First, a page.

Let me say this also: we hear all about every strike that happens, and I am bound to say that the strikes that have happened in the last few years were often confined to a limited number of industries which we know are important. Nobody wants them to happen, if he has got any sense, and we will do all that we possibly can to prevent them. But if you take the general picture of the country, with the 23 million people employed, and you take either the actual days lost or the hours lost over the whole year by stoppages of that kind, what do you find? They do not amount to more than two or three hours per worker employed. Yet it is used by some people in industry as a fundamental and major argument. Although I can understand it in one or two particular industries, I really am shocked at so much credence being placed on the statements which are made.

The fact is, of course, that in this country trade unionism is a very sensible organisation, and, as it is gathered in the Trades Union Congress, has not only had men who matter, men of integrity, men of industrial knowledge, but men who want to see the best thing possible done for their large membership and for the country as a whole. You will get in every organisation of such a wide character some who will not be of the best; but then neither are all the things for which the Government have been responsible always of the best.

So I add one more factor to the present situation. Listening to that very long but very wordy speech of the noble and learned Viscount—I am not complaining about that; it was probably a very good essay indeed, and I am going to read it with very great pleasure—I was thinking of what the pressures had been, and I could not help thinking this: that when prices rise in food, when prices rise in home provision in general, what do you get? On analysis, we find that a lot is due to advertisement and pressure groups. This Government were responsible for introducing commercial television—although I have to hand it to the noble Viscount the Leader of the House that he was against it at the time—and commercial television is a fantastic repetition of advertisements. The noble Viscount spoke about too much pressure on the home market, but his Government have been as much responsible as anybody for exerting undue pressure on the home market. That is something that they will have to look at carefully before they finally decide what they are going to do with the Pilkington Report.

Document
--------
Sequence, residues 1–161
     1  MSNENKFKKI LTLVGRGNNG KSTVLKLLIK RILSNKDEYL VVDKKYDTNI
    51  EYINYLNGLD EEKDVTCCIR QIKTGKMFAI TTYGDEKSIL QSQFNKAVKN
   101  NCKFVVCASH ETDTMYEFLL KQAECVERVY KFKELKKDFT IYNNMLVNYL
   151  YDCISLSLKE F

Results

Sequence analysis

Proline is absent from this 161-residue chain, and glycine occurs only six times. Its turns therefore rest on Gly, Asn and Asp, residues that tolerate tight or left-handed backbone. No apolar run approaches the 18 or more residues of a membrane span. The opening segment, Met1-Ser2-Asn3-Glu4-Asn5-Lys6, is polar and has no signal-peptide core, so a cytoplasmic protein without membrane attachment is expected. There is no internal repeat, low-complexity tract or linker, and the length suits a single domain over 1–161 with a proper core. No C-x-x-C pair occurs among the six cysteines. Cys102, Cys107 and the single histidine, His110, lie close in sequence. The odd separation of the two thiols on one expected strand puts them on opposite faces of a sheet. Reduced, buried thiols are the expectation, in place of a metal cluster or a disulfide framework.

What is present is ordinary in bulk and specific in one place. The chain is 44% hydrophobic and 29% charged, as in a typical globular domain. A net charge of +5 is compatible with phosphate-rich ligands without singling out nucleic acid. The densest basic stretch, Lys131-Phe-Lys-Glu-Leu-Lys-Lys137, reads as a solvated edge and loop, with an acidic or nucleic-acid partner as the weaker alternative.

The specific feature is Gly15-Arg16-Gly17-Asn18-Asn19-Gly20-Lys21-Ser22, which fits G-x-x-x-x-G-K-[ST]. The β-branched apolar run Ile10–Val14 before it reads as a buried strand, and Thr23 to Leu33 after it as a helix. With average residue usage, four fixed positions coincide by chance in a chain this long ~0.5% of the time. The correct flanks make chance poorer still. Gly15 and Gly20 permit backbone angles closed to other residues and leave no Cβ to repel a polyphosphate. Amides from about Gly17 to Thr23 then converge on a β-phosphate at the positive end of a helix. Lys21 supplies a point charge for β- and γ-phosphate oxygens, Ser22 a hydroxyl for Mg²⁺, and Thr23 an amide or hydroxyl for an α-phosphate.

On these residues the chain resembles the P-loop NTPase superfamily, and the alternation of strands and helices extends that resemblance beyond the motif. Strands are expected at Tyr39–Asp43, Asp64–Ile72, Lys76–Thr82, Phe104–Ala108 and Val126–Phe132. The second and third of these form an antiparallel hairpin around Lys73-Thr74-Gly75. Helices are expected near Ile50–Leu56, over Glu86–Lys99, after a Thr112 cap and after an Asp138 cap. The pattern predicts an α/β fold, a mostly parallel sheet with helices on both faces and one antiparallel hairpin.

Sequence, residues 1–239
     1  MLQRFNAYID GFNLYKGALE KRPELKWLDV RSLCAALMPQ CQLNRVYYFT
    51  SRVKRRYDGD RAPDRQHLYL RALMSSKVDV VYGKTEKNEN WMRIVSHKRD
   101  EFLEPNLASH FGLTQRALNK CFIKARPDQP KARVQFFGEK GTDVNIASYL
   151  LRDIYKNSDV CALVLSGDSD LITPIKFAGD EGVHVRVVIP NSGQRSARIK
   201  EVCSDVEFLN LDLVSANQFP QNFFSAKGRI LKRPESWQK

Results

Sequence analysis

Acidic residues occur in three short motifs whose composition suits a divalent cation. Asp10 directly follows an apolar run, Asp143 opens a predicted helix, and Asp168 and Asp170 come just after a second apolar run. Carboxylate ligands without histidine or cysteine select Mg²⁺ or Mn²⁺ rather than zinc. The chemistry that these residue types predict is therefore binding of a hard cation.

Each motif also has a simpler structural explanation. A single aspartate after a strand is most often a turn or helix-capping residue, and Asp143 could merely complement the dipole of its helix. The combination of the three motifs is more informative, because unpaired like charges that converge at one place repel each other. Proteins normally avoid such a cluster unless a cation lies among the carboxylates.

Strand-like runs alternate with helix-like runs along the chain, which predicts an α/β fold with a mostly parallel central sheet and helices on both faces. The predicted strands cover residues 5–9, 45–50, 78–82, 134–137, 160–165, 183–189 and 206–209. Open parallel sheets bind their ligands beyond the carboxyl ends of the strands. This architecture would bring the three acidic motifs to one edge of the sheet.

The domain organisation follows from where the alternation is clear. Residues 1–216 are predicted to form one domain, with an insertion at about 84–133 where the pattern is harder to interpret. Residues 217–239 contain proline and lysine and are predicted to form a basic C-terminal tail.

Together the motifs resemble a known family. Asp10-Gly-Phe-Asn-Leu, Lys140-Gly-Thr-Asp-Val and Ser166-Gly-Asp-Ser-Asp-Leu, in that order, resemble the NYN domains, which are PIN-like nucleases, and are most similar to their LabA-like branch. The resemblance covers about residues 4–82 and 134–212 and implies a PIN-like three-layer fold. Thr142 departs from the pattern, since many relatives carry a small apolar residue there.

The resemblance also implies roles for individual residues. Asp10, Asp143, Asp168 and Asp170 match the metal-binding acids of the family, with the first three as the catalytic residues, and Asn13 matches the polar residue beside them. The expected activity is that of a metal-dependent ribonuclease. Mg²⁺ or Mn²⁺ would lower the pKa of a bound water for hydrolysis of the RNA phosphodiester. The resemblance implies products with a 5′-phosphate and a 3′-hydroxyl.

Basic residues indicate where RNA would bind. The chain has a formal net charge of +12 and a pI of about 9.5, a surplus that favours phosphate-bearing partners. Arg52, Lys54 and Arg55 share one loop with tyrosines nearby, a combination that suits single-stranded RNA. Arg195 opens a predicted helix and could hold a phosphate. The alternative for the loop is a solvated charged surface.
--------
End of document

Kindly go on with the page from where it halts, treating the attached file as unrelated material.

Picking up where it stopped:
The general charge I would make against the Government is this. Without the proper controls this country could not possibly have made the recovery we made from 1945 to 1951 compared with other countries. Nor is the noble Viscount able to come to the House now with any general message without indicating that the people, industry and finance, have to be controlled in future. I am not quite sure whether all the noble Lords who support him from behind realise the extent to which the noble Viscount is to-day preaching that gospel and preaching it very forcibly. During the whole time of my membership of your Lordships' House I have argued from this Box that, without the right kind of controls to divert raw materials, labour and finance into the right channels at the right times, we shall not get the proportionate advance in exports to enable us to meet our balance-of-payments problem. We have argued that again and again, and noble Lords can turn up the speeches to confirm it. And that is what the noble and learned Viscount has had in effect to advocate.


My Lords, I never said a word about control. I did not use the word and did not intend to use it. I think that when the noble Viscount looks through what I have said, when he comes to read my speech in the OFFICIAL REPORT, he will see that that is something I simply did not advocate. I say this not because I want to contradict the noble Viscount, but to put the Record right as to what I do advocate.


My Lords, the noble Viscount may be speaking, as he says, entirely for himself, and I like the courage of that. He must not find himself in a completely independent place, if he is going to stay in the Government. Disraeli settled that when he said "What is an Independent? An Independent is one upon whom no dependence can be placed". No Government will put up with too much independence among its members. But if we analyse what the noble and learned Viscount said this afternoon we shall find that he was advocating—what shall I say?—planning of a kind, and controls, voluntary or under compulsion. He was putting a picture which he knows in his heart we cannot reach without effective economic and financial controls, as we have always advocated.